Joe Coco, Executive General Manager New Ventures, Solgen Energy Group
The electricity industry is one of the few oligopoly markets around today. This exclusivity requires tight regulation when it comes to the actions and revenue of industry players. These regulations, coupled with network inefficiencies, have steered network tariffs towards a charge based on power rather than energy. Businesses across Australia are increasingly being incentivised financially to improve the power quality of their operations. Solgen Energy Group Executive General Manager for New Ventures Joe Coco talks about the need and expansion of power quality solutions. One of these technologies is Power Factor Correction (PFC); a device which focuses on reducing unnecessary power flow.
Most markets allow suppliers the liberty of creating their own shipping routes, which is not the case for the electricity industry. It is a restricted industry where the only way to transport electricity is through the poles and wires that make up the network. To top it off, these networks are operated and maintained by the Network Service Providers (NSPs), which have full control over the power supply to customers without competition.
Due to the oligopoly nature of the industry, it is highly regulated in order to ensure suitable market conditions for suppliers, distributors and consumers. Market rules are determined by the Australian Energy Market Commission and enforced by the Australian Energy Regulator. These rules include managing their venue for providers by applying a cap on their annual revenues. The cap is partially based on sunk costs; previous investments made by providers which cannot easily be liquidated, such as poles and wires.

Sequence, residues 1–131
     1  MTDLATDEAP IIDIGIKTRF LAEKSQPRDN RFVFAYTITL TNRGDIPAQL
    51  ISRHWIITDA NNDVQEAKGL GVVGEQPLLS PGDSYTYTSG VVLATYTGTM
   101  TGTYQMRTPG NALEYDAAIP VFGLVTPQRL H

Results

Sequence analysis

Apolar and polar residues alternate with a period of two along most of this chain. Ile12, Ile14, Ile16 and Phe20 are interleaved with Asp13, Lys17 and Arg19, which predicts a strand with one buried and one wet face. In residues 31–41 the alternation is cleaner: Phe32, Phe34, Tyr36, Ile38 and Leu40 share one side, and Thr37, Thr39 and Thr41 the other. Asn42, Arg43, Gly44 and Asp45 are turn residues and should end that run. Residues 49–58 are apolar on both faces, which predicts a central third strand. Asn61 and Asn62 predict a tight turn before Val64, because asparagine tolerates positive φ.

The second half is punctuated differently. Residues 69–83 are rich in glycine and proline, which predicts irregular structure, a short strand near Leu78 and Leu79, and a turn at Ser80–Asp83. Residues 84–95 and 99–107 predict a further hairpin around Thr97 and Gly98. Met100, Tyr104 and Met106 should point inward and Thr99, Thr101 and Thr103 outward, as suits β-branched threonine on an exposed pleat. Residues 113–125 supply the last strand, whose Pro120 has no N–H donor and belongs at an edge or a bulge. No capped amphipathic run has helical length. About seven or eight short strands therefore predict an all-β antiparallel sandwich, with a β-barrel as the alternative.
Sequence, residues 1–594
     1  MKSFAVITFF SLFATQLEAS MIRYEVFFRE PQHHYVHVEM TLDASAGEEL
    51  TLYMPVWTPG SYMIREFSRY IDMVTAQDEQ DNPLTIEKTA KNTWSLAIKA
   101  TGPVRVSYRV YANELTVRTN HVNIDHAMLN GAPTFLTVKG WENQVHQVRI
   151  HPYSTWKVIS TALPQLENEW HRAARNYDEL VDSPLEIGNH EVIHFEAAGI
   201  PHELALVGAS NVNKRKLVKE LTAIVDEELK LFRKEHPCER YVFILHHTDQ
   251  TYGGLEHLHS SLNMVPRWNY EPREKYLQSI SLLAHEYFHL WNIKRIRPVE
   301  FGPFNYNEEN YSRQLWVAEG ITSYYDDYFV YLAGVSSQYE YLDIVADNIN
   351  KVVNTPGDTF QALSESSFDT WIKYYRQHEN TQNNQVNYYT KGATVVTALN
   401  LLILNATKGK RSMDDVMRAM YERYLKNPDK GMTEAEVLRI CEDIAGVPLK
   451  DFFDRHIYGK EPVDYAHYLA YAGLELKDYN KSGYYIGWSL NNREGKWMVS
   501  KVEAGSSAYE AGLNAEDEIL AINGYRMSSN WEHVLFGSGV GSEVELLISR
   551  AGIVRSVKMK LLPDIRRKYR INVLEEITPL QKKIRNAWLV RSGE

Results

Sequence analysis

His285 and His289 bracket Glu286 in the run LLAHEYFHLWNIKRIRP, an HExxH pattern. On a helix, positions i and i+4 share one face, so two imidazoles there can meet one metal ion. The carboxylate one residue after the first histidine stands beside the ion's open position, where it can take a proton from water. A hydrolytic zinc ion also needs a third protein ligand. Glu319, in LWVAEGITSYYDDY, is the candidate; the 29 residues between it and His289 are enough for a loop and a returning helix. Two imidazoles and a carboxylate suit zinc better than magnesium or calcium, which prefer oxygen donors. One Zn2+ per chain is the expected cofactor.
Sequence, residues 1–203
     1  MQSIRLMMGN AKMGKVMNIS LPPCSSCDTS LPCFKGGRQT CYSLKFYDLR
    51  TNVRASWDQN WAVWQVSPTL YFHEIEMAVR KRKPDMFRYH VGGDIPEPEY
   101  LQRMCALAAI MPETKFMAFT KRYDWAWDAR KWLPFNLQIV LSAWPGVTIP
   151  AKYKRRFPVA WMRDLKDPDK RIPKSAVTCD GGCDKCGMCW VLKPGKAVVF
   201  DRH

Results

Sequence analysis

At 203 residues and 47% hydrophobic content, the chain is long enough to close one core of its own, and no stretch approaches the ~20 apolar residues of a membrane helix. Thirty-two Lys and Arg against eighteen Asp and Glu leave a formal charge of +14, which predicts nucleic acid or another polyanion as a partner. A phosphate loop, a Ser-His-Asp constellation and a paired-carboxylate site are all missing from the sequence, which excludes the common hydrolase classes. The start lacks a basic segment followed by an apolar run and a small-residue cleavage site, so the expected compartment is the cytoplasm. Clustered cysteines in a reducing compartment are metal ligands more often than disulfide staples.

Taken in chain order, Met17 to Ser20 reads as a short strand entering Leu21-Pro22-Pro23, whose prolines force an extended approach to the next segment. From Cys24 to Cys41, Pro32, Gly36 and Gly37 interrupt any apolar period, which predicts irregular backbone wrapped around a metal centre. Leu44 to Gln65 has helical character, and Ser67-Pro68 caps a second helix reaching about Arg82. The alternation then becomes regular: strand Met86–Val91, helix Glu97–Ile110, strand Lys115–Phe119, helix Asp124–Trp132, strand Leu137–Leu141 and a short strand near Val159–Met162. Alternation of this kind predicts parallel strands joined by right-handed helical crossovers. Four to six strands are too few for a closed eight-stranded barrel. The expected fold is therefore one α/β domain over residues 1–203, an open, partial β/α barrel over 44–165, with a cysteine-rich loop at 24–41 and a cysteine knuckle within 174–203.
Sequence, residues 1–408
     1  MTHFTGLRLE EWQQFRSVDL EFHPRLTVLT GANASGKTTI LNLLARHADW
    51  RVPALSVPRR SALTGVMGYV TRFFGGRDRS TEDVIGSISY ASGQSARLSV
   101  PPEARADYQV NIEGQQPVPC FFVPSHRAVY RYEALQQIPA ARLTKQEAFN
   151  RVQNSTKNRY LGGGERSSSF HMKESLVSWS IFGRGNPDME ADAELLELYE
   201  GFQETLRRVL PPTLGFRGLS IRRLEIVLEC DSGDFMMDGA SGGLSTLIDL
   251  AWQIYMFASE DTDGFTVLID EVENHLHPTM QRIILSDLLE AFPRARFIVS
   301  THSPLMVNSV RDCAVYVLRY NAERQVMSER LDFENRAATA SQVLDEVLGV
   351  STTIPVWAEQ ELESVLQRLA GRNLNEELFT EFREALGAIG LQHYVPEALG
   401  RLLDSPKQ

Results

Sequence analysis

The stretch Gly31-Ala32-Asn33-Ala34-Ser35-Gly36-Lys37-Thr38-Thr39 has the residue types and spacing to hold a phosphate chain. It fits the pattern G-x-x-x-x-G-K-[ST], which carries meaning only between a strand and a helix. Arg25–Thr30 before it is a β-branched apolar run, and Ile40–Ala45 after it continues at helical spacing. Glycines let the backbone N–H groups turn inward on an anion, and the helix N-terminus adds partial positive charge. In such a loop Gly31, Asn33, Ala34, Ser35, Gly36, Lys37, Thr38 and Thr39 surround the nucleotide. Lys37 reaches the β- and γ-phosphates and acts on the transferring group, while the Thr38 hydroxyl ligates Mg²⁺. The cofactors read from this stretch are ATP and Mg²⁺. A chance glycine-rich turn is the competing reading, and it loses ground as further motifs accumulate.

Consumers and suppliers are tied together by the basic energy in = energy out balance, which means that any change in consumption patterns need to be incentivised by all involved parties. Price signals need to be a two-way communication where providers tell the end user when it is costliest to supply electricity, and end users would respond by changing their consumption behaviour to avoid these peak rates.
One way to achieve cost reflective price signals is to the charge electricity based on power rather than energy, as this is the deciding factor for network expansion. Inefficient use of electricity causes strain on the network; therefore sometimes a penalty for poor use is put in place. This way, the end user is incentivised to reduce their inefficient use of the network, and this is where power factor plays a major role.
Power factor can be seen as a measurement of how efficiently a business is using electricity. It is the ratio between supplied power [kVA] and energy used to do actual work [kW]. Power Factor Correction (PFC) units, a relatively small box in comparison to its influence, efficiently removes the unused power supply from the network which ensures that only useful power is bought. This in turn saves businesses money.
The conditions for PFC are simple. If the site experiences elevated unused power consumption and the customer is charged for this through a demand charge, PFC can contribute to significant financial benefits. Poor power factor is often associated with large engines, refrigerators, air conditions, furnaces, etc.
Machinery which can cause poor power factors are more common in certain industries, such as food processing. A recently completed solar power project which included Power Factor Correction was a wholesale supply and cold storage warehouse in Darwin, Northern Territory. The business used large machines which inefficiently consumed power supplied by the network which resulted in higher than necessary electricity bills. The network distributor in Northern Territory also issues penalties for poor power factor. A 175 kVAr Power Factor Correction unit along with the 400 kW solar photovoltaic system was installed to improve the power factor.
The market within the electricity industry is created by the industry regulators, so there is no way of saying, with certainty, what the industry will look like in a few years. What is clear though is that regulators are working towards creating a more transparent industry with cost reflective prices and a higher level of customer integration. Regulations that empower customers to take charge of their own electricity costs means the future looks bright for both solar power systems and power factor correction.